07 Aug Happiness? Itê¢__‘_Ê¢s simply a gift
From The TimesOnline
August 6, 2007
Happiness? It’s simply a gift
Terence Kealey: Science Notebook
David Cameron is right and his Conservative critics are wrong. People want to pay taxes. This was established by a team led by Ulrich Mayr, a psychologist at the University of Oregon. Mayr collected a group of subjects, gave them $100 (ê_Ô£50) each, and studied their brains.
He then used a technique known as functional Magnetic Resonance Imaging (fMRI) that allows scientists to monitor the activity of those parts of the brain that signal reward (the bits that light up when we eat, drink, and partake of recreational drugs and sex). And Mayr found, predictably, that people’s brains lit up when the $100 was paid into their accounts.
Less predictably, he discovered that when he transferred some of the money without permission from their accounts to that of a local charity (one that helps the poor), the subjects” brains lit up again. People were pleased to be taxed for a good cause.
More predictably, perhaps, Mayr found that, when he invited his subjects to give money voluntarily to the charity, on so doing they registered even greater levels of brain reward: people like being taxed for charity, but they like giving money to good causes even more.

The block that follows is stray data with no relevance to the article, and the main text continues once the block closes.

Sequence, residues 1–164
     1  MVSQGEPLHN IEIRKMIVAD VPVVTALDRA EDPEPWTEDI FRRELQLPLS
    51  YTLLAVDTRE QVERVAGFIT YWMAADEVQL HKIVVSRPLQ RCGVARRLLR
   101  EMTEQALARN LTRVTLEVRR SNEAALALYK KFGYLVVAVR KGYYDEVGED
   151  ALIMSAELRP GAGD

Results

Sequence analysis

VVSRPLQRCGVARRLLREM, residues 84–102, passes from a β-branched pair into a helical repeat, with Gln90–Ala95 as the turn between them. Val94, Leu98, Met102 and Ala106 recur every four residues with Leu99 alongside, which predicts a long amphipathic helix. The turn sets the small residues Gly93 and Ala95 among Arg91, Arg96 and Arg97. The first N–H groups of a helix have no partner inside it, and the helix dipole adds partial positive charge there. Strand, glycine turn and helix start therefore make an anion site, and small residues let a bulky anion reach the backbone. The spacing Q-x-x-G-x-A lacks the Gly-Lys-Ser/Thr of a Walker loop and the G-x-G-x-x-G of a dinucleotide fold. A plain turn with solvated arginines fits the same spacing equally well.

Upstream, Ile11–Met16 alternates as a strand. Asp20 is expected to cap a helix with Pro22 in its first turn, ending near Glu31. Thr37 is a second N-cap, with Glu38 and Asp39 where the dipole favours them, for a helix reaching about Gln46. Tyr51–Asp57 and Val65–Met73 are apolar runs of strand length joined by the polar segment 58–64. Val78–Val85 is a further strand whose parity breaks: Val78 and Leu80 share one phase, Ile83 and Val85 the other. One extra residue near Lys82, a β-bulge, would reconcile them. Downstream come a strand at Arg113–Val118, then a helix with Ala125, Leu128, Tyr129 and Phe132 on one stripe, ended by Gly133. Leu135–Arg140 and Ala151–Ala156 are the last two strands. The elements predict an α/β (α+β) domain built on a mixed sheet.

Few scientific papers deserve to be called important, but this one qualifies because it challenges so many political assumptions. First, it disproves the Left’s belief that only the state will succour the poor: actually, philanthropy is hardwired into our brains and, in the absence of state aid, private giving is biologically determined. As Nietzsche said, “we have a need to give”.
Secondly, of course, it disproves the Right’s belief that taxes are unpopular. Thirdly, it confirms the theologians” doctrine of Original Sin, because the brain scans reveal that some people are innately more greedy and less generous than others – some brains brightened up only after the original gift of $100, whereas others really lit up only on the transfer of money to the charity.
And, finally, the paper addresses some tricky questions. Since the desire to help the poor seems to be hardwired into human beings, to what extent is private philanthropy “crowded out” or displaced by mandatory taxes?
And, since some people are innately mean, to what extent does taxation ensure that even they contribute to helping the needy? Further, since some people are, indeed, tightwads, to what extent do they ensure that tax revenue is simply redistributed back to the middle classes under the guise of philanthropy?
Mayr’s paper, which is entitled Neural Responses to Taxation and Voluntary Giving Reveal Motives for Charitable Donations, was recently published in Science magazine. It shows how the new science of neuroeconomics will soon transform social policy.
Terence Kealey is Vice-Chancellor of Buckingham University